Frontline Workers Share Their Stories

Lincoln visits with Florida physicians Erskin Bezares and Maria Padilla. 

The coronavirus pandemic was declared on March 11, 2020. Since then, doctors and nurses across the United States and around the world have risked their lives to care for patients battling COVID-19, the contagious disease caused by the virus. According to a recent study by Rutgers University researchers, healthcare workers in the U.S. have had a higher prevalence of COVID-19 than the overall population because of their proximity to infected patients. 

I recently spoke with two physicians who live in my Florida neighborhood. Erskin Bezares and Maria Padilla, who are married, have an eight-year-old son, E.J. 

“During the pandemic, it’s been really challenging,” said Bezares, who is a critical care specialist at a local hospital. “You don’t initially know who has COVID-19 and who doesn’t, so you have to protect yourself very well.” 

Bezares explained the difficulty of balancing a career and family life while working 24-hour shifts. “It’s been really hard, and it’s really stressful for us," he said. “Obviously, I didn’t want to transmit the infection to anyone in my family. There have been many sleepless nights.”

Despite the risk of becoming infected while working in a pediatric intensive care unit, Bezares was determined to help others. “I like my job, and I want to help people,” he said.

Although children are not at a high risk of becoming sick from COVID-19, they still can be adversely affected. Some young people have developed Multisystem Inflammatory System in Children, or MIS-C, an inflammatory disease that can be fatal.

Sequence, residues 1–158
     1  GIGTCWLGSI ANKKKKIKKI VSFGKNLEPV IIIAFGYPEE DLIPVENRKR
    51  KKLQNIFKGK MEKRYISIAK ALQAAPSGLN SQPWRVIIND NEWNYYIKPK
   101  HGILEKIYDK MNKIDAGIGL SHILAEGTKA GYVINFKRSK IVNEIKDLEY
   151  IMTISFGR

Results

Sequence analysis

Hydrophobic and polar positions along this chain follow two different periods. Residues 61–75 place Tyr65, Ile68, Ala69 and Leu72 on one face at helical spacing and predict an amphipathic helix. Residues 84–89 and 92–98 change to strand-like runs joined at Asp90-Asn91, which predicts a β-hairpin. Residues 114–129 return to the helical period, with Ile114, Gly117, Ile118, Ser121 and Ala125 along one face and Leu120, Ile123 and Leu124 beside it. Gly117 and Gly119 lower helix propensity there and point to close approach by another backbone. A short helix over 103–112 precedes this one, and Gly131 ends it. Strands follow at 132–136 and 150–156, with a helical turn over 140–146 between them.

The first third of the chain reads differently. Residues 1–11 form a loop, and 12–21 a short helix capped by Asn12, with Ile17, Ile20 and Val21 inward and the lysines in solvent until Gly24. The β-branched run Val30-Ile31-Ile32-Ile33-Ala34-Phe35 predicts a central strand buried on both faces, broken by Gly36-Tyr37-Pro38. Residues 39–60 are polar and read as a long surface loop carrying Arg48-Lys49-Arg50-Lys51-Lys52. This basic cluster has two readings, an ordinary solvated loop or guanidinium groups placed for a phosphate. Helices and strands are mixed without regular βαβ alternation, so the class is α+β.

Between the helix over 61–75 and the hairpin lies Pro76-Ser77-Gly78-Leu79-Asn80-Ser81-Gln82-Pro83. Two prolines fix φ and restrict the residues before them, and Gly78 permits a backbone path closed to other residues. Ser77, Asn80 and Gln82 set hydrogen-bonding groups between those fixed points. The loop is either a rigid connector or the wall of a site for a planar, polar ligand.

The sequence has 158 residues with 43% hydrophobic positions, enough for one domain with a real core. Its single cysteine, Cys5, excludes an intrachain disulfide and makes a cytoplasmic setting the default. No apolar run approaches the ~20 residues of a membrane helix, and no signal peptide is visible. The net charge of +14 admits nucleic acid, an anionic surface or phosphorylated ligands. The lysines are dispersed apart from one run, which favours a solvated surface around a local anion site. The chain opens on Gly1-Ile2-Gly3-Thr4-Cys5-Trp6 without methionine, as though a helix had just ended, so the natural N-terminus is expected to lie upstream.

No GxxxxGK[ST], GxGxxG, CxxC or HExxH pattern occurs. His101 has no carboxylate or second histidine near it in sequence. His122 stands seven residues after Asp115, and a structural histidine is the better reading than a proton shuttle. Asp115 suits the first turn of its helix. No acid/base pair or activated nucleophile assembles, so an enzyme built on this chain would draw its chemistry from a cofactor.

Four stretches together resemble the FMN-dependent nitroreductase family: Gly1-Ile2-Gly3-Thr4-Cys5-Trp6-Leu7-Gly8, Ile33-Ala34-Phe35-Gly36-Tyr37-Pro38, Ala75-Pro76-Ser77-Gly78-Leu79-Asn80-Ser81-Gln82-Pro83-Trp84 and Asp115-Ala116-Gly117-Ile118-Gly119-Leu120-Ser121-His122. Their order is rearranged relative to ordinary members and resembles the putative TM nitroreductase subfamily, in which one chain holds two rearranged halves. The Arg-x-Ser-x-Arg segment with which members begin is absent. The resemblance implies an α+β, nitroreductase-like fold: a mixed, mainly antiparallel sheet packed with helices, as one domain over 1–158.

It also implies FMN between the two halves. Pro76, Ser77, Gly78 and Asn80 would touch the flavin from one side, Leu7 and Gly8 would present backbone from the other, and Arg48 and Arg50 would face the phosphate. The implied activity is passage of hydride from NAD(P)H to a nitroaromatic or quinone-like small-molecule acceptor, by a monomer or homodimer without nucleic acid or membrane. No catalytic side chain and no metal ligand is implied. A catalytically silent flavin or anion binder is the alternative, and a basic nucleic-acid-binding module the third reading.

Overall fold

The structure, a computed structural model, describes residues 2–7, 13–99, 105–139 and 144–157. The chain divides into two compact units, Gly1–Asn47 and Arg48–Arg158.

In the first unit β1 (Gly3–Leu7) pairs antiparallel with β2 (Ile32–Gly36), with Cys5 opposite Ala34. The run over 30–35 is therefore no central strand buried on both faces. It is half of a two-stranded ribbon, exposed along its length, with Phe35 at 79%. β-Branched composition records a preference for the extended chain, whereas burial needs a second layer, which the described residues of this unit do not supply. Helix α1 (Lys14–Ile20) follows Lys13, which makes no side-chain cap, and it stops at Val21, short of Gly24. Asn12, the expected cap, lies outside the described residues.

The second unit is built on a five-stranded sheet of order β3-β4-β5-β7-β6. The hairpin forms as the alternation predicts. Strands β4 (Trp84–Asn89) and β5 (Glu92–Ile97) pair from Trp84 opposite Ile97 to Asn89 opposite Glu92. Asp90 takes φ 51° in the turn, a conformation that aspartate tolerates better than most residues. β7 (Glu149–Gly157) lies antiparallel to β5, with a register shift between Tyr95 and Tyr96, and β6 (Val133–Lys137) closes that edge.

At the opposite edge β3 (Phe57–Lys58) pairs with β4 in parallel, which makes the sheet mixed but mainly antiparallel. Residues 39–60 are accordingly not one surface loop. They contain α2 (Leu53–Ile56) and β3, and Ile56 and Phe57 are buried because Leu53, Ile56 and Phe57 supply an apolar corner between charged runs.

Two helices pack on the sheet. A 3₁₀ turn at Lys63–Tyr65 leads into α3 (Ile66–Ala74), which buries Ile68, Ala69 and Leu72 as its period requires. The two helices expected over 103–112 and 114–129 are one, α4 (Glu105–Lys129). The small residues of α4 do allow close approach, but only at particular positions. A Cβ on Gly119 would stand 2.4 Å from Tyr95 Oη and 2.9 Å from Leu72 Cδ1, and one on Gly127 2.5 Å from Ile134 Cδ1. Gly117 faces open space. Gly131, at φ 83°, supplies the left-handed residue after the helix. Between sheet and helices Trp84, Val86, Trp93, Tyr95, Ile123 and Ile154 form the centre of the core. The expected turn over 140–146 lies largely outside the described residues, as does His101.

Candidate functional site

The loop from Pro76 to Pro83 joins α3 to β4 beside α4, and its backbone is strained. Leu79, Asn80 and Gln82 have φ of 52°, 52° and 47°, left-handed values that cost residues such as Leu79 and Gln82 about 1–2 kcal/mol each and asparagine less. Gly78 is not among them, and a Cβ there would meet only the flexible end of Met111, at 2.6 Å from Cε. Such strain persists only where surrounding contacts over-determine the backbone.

“MIS-C means that, after getting exposed to COVID-19, weeks later, a child develops inflammation throughout the body, in their heart, and in their coronary arteries,” Bezares explained. “That inflammation is really scary because it can mean long-term complications throughout life.” Many children with MIS-C didn’t realize that they had become infected with COVID-19 because they were asymptomatic. 



Padilla, a pediatrician and an assistant dean at a medical school in the Miami area, noted the emotional toll that the pandemic has taken on children, including her son. She recalled the family’s first trip together after eight months in quarantine. 

“E.J. was fascinated by the fact that he was in a car,” Padilla said. “He was like, “‘Oh my. I forgot that I loved this! Look at the trees! Look at the sky! Look at everything!’ That’s when we, as parents, realized that he is really living in isolation, and he’s keeping it quiet. But he’s feeling it.”

Padilla added that living through the pandemic has had an effect of everyone’s mental health, especially kids. “The thing I’m most concerned about, for this entire generation of people, is just how scared they are,” she said. "It’s clear that they are living in fear.”





Photo courtesy of the author